It is a little known fact that randomness, chaos, if you’d prefer, is an essential part of many modern systems. This is not a reference to one of the greatest 90s movies ever made, but rather a reflection of the fact that random numbers and randomised combinations provide the basis for subjects as diverse as cryptography, poker and drug design.
As a synthetic biology site we are naturally interested in the biotechnology side of this, and randomness in the biotech field is primarily found in randomised DNA libraries. These libraries contain many millions of copies of DNA, each of which contains a sequence of variable, randomised DNA. These can then be transformed into host cells to create a highly parallel experiment – researchers can test multiple designs and isolate the best-performing.
LabGenius, a London-based firm, is looking to improve upon this randomness.
More specifically, they have developed technology to define where in the DNA sequence, exactly, the randomness should occur. Traditionally randomised libraries were created by chemical mutagenesis, which led to scattering of changes over the entire sequence. By contrast, LabGenius’ synthetic biology approach allows regions of randomisation within the sequence to be specified, even to the extent of choosing what bases to be randomised between. This allows for unprecedented control over the sequences produced – and ordered chaos, as it were. From this ordered chaos it is then possible to develop alternate antibody binding specificities, optimise proteins folding efficiency, or develop functional DNA.
LabGenius was founded in 2012 by James Field, Paul Freemont, and Richard Kitney. Support from both the UK government and private investment helped them to develop and commercialise their synthetic library design technology – technology which is now being used by a number of customers. We were lucky enough to grab an interview with Dr James Field, CEO and founder of LabGenius, whose success so far is built upon his significant experience in the synthetic biology field (as both participant and advisor in iGEM, a fellow in the Synthetic Biology LEAP program, and receiving a PhD in protein-nanocage engineering).
Personally, what brought you into this field? Was it a decisive moment or a gradual process?
I originally got into synthetic biology via the educational pipeline that has been set up by the Centre for Synthetic Biology and Innovation at Imperial College. This allowed me to receive a formal training in synthetic biology at the undergraduate, masters and PhD level. I have always wanted to build a company from scratch so after finishing my PhD, I founded LabGenius with help from SynbiCITE, the UK’s industrial translation engine for synthetic biology.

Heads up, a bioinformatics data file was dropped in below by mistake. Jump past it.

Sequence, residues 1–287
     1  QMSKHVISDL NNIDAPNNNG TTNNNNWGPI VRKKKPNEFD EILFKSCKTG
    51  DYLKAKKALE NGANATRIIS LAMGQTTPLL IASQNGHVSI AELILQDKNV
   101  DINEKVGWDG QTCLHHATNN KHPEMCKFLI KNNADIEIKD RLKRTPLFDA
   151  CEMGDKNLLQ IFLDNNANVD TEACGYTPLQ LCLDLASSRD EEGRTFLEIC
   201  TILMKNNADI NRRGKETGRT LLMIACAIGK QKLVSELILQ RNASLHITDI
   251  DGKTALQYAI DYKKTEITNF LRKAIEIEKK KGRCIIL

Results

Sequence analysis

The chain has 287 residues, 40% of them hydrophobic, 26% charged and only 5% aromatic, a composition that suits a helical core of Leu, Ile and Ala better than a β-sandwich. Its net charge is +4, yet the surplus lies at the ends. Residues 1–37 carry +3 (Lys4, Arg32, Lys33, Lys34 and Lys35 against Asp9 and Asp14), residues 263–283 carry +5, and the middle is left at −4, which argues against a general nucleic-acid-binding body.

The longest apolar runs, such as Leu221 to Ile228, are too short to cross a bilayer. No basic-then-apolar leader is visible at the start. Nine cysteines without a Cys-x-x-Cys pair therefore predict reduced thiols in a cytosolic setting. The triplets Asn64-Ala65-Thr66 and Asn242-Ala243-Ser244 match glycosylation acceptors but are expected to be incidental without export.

Is there such a thing as a typical day for you?
Typical days are few and far between! One moment I might be working on a library design algorithm and the next I could be in an investor meeting, presenting at a conference or in a discussion with new customers. The learning curve is certainly steep but that’s what keeps things exciting!
So, tell us a bit about the work your company does.
LabGenius is a UK-based gene synthesis company specialising in the manufacture of synthetic DNA libraries. Our technology sets us apart in that it allows us to build high-quality DNA libraries with minimal design constraints. Our libraries are most commonly used for protein engineering, expression optimisation and in the development of functional nucleic acids.
Have you any announcements you’d like our readers to be aware of?
We recently held a competition in which entrants from academia and not-for-profit organisations were asked to explore the power of DNA libraries. At SynBioBeta we will be announcing the winner who will receive $10,000 worth of DNA libraries!
What are your long-term development goals? Where do you see the organisation in 5-10 years?
To design a new biological system using a library, you have to take a fundamentally different approach to how you might design an everyday object. Typically, everyday objects are designed by generating as many ideas as possible, selecting the best one, making it, then testing it. This ‘design, build, test’ process is repeated, with the results of the test informing the design for the next round. If everyday objects were made using a library method, rather than feeding just one idea into the ‘design, build, test’ cycle at a time, all ideas would be simultaneously made and then tested in parallel. Evidently, this could be immensely powerful.
Many of our customers are incredibly excited about the potential of engineering biological systems using synthetic DNA libraries but they don’t have the software tools to rationally design 1012 unique variants. One of our goals is the development of a software suite that makes robust library design simple and intuitive.
What do you think will be the next ‘big thing’ in bio-production?
Engineering new biological systems has historically been seen as a slow and tedious process. An explosion in both the number and sophistication of synthetic biology service providers has turned that axiom on its head. By leveraging automation and outsourcing, companies are now developing new bio-based products at an unprecedented rate. I can only see this trend continuing.
James Field will be talking about his experiences in Session 2 of SynBioBeta SF 2015, November 4th – 6th, we’re looking forward to seeing him there!